China is worried about the situation post the Dalai Lama and that his reincarnation could surface in Arunchal Pradesh, a region it claims as its own, but which is part of the Indian Republic, says former RA&W Additional Secretary Jayadeva Ranade.
Reports in China's official media over the past month, while implicitly pointing to the continuing influence of the 14th Dalai Lama in Tibetan areas, indicate a renewed emphasis by the Chinese regime in tackling anti-China and 'separatist' tendencies especially among Tibetan officials and monks and nuns.
Amidst hints that China is preparing for the time when a successor to the Dalai Lama has to be chosen, Beijing has indicated it anticipates that some foreign elements could stir up trouble inside Tibet at that time.
Additionally, it appears to apprehend the possibility that the Dalai Lama's reincarnation could be 'discovered' in Arunachal Pradesh. The reports together suggest that the Communist regime in Beijing still feels vulnerable on the Tibet issue.
Specifically, Beijing launched campaigns this November in at least the Tibet Autonomous Region, TAR, and Qinghai province, which includes parts of Amdo region, to 'educate' monks on the 'negative influence of separatist ideas.'
The State-run Global Times on November 26, quoted Dorje, Director of the Publicity Department of the Nangqian County Party Committee of Qinghai province, as saying that 'education can ensure that monks and nuns do not participate in activities to split the country and disrupt social order.'
Qinghai province has also started recruiting officials for deployment in Tibetan Buddhist monasteries 'to guard against continued overseas influence of separatism on monks.' For example, Nangqian county in Qinghai province -- 97 per cent of the population of which is Tibetan -- announced on November 24, that it will choose 13 people from local governments and other public institutions to be stationed in the monasteries.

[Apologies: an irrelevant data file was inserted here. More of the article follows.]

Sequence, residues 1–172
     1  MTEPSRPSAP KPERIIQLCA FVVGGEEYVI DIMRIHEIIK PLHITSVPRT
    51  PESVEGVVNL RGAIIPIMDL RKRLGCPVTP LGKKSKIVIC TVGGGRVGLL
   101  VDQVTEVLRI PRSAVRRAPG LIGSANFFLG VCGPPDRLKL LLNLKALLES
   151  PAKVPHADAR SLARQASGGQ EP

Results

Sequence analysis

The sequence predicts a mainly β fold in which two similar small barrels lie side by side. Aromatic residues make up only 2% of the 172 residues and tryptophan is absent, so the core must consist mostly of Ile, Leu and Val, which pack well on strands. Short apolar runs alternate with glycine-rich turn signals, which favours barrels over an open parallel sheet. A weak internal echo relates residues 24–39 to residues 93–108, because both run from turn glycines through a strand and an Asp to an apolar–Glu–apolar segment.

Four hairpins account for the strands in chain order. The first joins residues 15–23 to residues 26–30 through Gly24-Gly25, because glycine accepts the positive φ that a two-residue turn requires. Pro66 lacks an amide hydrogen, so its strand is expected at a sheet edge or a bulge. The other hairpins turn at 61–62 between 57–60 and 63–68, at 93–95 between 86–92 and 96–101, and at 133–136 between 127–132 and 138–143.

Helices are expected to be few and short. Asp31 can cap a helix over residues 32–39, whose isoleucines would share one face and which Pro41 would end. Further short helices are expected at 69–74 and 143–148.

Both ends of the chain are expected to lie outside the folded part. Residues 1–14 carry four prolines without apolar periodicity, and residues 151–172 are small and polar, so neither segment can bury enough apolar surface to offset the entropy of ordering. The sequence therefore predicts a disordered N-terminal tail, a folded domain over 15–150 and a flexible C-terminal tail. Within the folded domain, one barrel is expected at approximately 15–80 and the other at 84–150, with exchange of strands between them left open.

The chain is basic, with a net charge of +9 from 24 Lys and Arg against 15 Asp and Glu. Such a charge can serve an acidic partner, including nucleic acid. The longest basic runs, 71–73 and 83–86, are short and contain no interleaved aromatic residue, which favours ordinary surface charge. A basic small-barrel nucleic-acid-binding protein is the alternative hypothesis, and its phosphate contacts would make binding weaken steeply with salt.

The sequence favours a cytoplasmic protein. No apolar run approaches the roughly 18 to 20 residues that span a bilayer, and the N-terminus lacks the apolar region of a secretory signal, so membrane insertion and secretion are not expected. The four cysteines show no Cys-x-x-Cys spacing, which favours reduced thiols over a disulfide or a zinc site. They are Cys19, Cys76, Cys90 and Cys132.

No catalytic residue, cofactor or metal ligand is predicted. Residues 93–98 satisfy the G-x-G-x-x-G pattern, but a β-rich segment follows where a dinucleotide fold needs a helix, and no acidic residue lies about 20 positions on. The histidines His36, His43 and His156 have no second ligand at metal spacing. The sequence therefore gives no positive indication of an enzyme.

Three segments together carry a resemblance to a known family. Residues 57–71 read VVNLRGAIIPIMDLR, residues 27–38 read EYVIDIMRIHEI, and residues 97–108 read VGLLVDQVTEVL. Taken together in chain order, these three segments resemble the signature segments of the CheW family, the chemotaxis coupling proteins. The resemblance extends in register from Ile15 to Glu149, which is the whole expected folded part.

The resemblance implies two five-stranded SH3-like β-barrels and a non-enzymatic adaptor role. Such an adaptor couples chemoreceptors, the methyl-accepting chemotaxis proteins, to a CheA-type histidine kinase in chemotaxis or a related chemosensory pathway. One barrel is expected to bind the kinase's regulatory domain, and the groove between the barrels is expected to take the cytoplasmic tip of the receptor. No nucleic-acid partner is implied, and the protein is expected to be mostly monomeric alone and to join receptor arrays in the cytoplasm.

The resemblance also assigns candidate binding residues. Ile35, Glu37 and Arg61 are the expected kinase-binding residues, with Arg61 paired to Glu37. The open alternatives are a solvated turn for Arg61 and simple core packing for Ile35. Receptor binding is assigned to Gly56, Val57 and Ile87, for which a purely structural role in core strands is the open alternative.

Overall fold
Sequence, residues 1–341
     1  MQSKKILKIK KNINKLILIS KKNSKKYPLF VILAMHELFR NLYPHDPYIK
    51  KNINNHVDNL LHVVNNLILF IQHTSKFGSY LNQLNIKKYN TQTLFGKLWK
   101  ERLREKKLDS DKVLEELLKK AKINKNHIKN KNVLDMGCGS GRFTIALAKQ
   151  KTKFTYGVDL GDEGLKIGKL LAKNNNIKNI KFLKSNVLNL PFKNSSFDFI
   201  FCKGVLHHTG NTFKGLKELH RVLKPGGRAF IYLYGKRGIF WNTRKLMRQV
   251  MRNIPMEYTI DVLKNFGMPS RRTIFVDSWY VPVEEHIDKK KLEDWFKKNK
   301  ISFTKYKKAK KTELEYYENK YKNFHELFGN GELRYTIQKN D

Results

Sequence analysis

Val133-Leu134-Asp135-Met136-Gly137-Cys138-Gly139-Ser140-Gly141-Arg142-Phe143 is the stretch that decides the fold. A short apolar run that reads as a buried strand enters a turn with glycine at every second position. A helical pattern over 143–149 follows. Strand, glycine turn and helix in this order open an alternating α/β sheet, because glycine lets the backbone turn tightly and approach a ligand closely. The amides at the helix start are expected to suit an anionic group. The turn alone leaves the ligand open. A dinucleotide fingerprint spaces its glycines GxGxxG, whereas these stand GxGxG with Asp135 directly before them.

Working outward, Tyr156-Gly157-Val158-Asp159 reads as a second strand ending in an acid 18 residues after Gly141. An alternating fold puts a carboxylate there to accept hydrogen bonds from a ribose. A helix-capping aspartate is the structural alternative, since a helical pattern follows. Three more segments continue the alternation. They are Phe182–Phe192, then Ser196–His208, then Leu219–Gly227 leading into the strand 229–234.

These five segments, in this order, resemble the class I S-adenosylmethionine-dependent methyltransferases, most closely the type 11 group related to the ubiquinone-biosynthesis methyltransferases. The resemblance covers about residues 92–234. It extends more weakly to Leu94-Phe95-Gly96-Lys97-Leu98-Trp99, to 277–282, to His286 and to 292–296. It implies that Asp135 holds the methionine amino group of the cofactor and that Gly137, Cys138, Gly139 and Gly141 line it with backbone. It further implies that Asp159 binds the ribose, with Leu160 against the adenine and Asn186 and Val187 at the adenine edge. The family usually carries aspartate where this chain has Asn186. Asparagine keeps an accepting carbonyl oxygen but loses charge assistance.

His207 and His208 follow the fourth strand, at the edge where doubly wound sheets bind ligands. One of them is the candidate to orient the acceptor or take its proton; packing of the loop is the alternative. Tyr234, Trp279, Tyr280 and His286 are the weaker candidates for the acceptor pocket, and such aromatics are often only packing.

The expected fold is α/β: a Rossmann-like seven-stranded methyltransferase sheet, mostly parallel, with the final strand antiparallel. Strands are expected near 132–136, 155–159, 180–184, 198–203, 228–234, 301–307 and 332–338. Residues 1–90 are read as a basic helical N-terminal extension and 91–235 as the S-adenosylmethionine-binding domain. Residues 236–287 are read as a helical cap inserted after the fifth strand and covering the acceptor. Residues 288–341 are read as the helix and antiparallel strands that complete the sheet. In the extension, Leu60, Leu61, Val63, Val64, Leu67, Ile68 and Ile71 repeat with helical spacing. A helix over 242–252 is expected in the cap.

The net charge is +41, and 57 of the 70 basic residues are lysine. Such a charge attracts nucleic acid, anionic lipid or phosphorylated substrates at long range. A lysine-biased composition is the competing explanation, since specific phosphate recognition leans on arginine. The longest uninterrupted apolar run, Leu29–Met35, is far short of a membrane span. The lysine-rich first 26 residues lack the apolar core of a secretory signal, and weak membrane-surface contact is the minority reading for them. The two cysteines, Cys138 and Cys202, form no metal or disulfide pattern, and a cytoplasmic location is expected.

Lian Xiangmin, an expert at the China Tibetology Research Centre, said 'most of the monks are law-abiding, but some of them may be used by hostile foreign forces and religious extremists such as the Dalai Lama and could cause damage to both the monasteries and society.'
Earlier, on November 11, the Global Times highlighted TAR party secretary Chen Quanguo's warning that 'Party members and officials who secretly follow the Dalai Lama and those who secretly hold religious beliefs will be severely punished.'
Describing Tibet as 'a major battleground against separatism,' he stressed that party discipline will be strictly enforced 'to make sure there is no double-talking on the issue of anti-separatism in Tibet.'
Chen Quanguo warned party members and officials against participating in or supporting ethnic separatist activities, such as going on overseas pilgrimages to worship the Dalai Lama and attending prayer sessions and lectures, or sending their children and relatives to schools linked to his clique.
Within days, on November 13, the Global Times published another article authored by Li Ruohan, one of its senior journalists who often writes on military, security and religious matters. This toughly worded article is of particular relevance for India.
The article divulged that a campaign to publicise the counter-espionage law had been launched in November throughout Tibet. It stated that 22 monks and nuns from three temples in Nyingchi prefecture in southeastern Tibet, across the borders with Arunachal Pradesh, received a three-hour lecture at the Lamaling temple on the counter-espionage law.